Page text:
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Limiting Liability -- Good Samaritan Legislation

Architects are often willing to volunteer their time and services if asked by government agencies to help ensure the preservation of a community’s health, safety, and welfare. During such situations, a licensed architect may be exposed to questions of liability even though he or she is acting in good faith to preserve the safety of a community. While some states have "Good Samaritan" statutes that limit liability for certain volunteers at least in some emergency situations, many have no such protections. Even in states with protection, the AIA recommends that its members contact their state emergency management agencies, establish relationships, and receive appropriate training to volunteer before disaster strikes.  The map below is an illustration of Good Samaritan protection to the best of the AIA’s knowledge. Please note: each state law is different and the statutes cited here are also subject to judicial interpretation. In addition, statutes may change from time to time because of legislative action. This map and the compendium below are for reference only and in no way is expected to take the form of legal advice. Again, please contact your attorney directly if there is a question on a state’s authority to use Good Samaritan laws.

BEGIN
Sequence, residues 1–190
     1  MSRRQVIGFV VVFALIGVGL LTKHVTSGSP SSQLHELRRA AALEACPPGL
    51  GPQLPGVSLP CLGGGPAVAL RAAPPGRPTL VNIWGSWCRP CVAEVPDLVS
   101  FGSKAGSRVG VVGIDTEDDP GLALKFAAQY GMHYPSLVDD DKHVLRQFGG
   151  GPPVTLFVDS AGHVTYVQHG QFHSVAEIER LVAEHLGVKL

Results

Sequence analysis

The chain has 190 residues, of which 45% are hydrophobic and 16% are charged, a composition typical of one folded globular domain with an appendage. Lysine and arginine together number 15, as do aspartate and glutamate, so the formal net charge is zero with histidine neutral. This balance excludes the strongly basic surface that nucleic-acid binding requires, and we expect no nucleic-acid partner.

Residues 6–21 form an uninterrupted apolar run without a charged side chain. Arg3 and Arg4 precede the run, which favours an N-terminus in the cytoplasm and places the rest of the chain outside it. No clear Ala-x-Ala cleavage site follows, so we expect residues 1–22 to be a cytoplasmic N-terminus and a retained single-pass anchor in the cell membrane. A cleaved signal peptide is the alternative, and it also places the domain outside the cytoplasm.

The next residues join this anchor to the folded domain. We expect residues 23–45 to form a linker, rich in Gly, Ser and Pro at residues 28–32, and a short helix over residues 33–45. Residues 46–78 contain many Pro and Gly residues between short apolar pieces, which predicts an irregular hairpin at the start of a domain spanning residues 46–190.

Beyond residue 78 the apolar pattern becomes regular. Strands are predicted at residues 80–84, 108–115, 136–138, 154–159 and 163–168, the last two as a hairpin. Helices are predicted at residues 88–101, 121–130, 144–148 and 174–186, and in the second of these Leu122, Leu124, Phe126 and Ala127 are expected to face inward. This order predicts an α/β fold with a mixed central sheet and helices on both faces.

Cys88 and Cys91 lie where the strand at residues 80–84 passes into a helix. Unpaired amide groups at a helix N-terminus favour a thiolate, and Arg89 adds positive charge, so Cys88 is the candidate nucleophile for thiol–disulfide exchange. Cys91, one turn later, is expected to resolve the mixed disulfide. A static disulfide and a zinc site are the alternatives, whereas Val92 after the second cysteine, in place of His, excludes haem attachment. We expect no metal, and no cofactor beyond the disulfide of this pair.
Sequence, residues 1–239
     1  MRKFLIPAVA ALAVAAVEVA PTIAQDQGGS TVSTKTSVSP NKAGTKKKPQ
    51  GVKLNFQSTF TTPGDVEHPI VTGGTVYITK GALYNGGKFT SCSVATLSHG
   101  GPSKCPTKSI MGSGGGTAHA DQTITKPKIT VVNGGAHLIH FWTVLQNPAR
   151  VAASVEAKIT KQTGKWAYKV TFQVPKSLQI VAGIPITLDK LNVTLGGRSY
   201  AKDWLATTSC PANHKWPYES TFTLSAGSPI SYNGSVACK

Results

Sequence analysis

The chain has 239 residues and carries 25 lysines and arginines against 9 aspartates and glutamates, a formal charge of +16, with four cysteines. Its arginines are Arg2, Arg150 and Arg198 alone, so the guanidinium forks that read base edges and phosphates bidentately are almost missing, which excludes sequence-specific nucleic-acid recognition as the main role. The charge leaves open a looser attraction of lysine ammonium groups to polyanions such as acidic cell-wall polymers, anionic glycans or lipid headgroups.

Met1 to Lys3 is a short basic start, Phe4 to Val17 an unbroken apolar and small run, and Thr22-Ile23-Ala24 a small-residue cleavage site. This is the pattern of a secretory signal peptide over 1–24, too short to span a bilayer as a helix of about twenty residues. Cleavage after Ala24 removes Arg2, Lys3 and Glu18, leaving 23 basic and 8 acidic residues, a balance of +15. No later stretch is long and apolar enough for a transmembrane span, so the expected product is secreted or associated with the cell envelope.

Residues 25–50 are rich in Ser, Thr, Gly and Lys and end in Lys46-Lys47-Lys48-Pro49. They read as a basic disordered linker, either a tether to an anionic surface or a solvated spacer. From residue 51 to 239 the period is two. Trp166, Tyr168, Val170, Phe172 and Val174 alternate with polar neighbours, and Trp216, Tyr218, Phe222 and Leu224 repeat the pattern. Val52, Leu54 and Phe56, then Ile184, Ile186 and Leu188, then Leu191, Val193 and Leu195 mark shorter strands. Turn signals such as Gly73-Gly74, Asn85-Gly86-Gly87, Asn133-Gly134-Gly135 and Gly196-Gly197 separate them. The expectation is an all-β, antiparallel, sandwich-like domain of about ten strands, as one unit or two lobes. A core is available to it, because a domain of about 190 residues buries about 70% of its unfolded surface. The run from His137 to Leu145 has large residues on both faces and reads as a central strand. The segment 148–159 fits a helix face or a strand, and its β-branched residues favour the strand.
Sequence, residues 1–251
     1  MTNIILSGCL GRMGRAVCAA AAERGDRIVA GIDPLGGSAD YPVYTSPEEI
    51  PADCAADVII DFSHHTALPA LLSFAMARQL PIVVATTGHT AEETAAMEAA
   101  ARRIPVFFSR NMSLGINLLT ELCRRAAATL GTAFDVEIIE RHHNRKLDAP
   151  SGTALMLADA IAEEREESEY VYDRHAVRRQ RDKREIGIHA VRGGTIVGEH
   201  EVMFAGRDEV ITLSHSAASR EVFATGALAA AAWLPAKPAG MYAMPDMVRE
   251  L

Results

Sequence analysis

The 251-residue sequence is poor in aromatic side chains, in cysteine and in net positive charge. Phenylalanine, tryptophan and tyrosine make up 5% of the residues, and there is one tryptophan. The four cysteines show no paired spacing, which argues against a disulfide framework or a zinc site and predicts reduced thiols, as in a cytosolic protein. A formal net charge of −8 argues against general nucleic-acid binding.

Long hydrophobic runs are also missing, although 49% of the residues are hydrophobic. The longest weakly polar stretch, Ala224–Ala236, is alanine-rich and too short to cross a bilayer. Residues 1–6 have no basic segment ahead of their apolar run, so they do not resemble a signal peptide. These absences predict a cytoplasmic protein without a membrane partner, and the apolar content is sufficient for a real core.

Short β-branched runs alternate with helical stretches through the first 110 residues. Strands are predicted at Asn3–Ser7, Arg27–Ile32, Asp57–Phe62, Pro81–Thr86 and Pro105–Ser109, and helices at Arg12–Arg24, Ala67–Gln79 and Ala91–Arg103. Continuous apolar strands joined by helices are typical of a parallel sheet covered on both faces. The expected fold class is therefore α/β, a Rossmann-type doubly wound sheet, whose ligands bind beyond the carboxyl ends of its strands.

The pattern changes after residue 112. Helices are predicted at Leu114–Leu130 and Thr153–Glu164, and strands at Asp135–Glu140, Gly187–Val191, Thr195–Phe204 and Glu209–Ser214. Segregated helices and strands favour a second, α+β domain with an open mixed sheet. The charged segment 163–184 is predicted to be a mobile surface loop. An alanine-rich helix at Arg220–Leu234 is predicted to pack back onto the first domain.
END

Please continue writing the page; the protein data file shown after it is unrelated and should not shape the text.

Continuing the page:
Good Samaritan Legislation – an AIA model policy for Good Samaritan protection and compendium of known state laws

AIA Handbook for basic disaster assistance training.

Checklist of Responsibilities for State Coordinators – State coordinators and their volunteers should take these steps to improve the disaster preparedness of their community

For more information, please contact the Disaster Assistance Program via email or call 202-626-7442.

 

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